A shaken Minnesota community gets some answers on the killings of 2 officers and 1 firefighter – Metro US

A shaken Minnesota community gets some answers on the killings of 2 officers and 1 firefighter

APTOPIX Officers Killed Minnesota
Zach Osterberg, of the Savage Fire Department, hugs his son Lincoln as they paid their respect at three memorials in front of the Burnsville Police Department in Burnsville, Minn., Monday, Feb. 19, 2024. Two police officers and a first responder were shot and killed early Sunday and a third officer was injured at a suburban Minneapolis home in an exchange of gunfire while responding to a call involving an armed man who had barricaded himself inside with family. (Elizabeth Flores/Star Tribune via AP)

MINNEAPOLIS (AP) — It started out as a 911 call about a domestic incident. It ended with two police officers, a firefighter and the suspect dead, a third officer wounded, and a mostly affluent suburb of Minneapolis badly shaken and waiting for answers.

Agents with the Minnesota Bureau of Criminal Apprehension were still conducting their preliminary investigation into Sunday’s shooting, spokesperson Bonney Bowman said Monday. They planned to share more information once that was complete.

That meant that several key questions remained unanswered. While the BCA named the suspect Monday evening, it has not said what prompted the 911 call early Sunday from a home in a wooded, well-to-do neighborhood of single-family homes on curvy streets in Burnsville, a city of around 64,000 located about 15 miles (24 kilometers) south of downtown Minneapolis.

The Hennepin County Medical Examiner’s Office said Monday afternoon that Officers Paul Elmstrand and Matthew Ruge, both 27, and Adam Finseth, 40, a firefighter and paramedic who was assigned to the city’s SWAT team, died of gunshot wounds in the emergency room at Hennepin County Medical Center in Minneapolis shortly after 6:30 a.m. Sunday.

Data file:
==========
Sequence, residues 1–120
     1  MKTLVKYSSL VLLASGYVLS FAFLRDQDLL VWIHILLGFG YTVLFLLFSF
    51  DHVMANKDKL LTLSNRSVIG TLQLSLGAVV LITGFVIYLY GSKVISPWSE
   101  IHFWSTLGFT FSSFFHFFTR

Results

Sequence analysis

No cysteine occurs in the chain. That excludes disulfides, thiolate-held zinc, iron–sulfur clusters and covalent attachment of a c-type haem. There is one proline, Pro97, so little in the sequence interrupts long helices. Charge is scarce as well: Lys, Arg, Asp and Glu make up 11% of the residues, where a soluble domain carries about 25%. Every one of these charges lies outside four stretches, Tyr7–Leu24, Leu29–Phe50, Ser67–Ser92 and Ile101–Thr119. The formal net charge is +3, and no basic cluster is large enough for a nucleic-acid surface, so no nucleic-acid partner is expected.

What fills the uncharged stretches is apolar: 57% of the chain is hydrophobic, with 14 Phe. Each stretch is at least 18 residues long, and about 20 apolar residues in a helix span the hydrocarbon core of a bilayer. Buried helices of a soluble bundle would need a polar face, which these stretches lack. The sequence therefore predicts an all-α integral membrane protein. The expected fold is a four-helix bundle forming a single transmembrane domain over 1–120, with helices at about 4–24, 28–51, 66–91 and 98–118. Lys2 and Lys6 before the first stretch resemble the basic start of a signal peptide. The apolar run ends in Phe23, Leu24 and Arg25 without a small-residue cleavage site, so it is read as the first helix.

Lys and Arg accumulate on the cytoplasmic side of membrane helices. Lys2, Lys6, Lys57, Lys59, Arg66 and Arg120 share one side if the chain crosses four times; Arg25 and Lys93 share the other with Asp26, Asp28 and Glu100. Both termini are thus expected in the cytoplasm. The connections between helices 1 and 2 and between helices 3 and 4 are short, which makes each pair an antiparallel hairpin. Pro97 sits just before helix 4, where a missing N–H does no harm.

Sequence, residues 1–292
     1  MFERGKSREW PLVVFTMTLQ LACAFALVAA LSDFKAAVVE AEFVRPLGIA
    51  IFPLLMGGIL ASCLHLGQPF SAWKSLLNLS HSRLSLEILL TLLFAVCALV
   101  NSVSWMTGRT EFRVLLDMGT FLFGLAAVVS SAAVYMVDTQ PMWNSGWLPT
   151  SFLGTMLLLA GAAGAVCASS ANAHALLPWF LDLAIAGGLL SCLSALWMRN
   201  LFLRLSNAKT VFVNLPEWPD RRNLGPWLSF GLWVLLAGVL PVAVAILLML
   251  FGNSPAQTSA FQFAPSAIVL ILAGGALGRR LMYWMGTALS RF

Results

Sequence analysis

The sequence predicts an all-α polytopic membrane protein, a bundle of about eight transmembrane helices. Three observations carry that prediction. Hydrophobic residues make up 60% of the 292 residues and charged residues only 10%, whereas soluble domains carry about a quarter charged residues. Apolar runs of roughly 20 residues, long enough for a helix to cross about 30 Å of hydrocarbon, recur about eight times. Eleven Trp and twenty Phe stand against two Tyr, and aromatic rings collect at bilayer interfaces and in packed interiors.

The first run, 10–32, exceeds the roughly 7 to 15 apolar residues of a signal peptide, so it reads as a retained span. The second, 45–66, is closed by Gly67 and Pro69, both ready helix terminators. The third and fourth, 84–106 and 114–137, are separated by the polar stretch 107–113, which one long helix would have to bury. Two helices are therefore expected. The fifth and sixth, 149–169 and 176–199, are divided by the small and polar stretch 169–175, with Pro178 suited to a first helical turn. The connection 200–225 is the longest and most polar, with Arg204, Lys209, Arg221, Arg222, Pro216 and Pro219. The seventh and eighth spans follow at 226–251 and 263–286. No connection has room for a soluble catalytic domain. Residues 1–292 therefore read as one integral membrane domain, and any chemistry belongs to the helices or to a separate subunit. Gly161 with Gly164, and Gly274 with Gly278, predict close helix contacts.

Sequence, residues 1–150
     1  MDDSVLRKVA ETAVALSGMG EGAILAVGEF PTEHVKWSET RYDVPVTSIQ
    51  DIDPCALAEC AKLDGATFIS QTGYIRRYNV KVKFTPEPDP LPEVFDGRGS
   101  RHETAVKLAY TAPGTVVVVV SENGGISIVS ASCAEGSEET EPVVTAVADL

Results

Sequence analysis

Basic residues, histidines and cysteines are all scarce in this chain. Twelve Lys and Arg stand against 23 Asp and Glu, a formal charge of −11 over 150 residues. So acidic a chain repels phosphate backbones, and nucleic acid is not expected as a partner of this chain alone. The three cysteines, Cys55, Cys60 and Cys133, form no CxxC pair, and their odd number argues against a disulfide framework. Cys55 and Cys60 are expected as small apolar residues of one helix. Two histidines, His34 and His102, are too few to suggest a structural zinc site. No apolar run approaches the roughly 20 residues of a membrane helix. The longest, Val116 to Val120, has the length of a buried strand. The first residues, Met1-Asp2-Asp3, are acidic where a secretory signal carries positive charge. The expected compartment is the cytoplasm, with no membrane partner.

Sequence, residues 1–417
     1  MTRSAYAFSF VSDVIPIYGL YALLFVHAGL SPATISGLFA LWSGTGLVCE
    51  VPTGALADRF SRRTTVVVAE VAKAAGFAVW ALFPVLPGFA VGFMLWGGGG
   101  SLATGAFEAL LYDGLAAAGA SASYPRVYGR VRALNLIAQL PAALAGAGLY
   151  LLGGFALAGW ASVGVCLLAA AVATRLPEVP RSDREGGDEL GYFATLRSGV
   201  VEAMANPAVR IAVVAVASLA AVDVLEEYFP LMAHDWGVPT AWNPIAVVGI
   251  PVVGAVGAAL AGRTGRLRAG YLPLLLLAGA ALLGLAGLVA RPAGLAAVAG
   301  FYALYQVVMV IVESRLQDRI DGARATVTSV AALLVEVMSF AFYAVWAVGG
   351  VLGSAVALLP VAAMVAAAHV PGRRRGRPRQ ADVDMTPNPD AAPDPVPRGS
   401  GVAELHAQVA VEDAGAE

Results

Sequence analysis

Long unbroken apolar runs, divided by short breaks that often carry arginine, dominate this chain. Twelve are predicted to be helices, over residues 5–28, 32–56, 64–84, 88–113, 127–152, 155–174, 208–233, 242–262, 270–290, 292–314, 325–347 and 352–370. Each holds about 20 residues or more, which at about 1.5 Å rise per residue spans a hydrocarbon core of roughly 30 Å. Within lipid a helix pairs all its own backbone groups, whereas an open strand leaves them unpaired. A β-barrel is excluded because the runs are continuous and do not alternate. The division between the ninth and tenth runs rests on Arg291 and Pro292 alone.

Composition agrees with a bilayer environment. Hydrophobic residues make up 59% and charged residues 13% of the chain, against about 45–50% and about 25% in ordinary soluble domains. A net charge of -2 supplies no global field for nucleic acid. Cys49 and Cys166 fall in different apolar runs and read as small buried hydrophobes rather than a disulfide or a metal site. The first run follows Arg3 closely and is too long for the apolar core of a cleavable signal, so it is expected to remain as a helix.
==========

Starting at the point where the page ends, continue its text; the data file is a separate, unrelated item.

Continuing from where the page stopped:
The BCA said the medical examiner identified the man who killed them as Shannon Gooden, 38, of Burnsville. The agency did not say how he died. Court records show that Gooden wasn’t legally allowed to have guns and had been entangled in a yearslong dispute over the custody and financial support of his three oldest children.

A procession of emergency vehicles escorted Finseth’s body from the medical examiner’s office in Minnetonka to a funeral home in Jordan on Monday afternoon, passing under several bridges where firefighters stood on their parked engines and flew American flags in tribute.

BCA Superintendent Drew Evans said Sunday that Burnsville police were called to the home around 1:50 a.m. Sunday about a “domestic situation where a man was reported to be armed and barricaded with family members in the home.” That included seven children ages 2 to 15 years. Evans declined to say which resident called. Arriving officers “spent quite a bit of time” negotiating with Gooden, he said.

At some point — he declined to specify when — Gooden opened fire, killing the two officers and the firefighter. Another officer, Sgt. Adam Medlicott, survived with injuries that were not life-threatening. He was released from a hospital and was recovering at home Monday, the city said.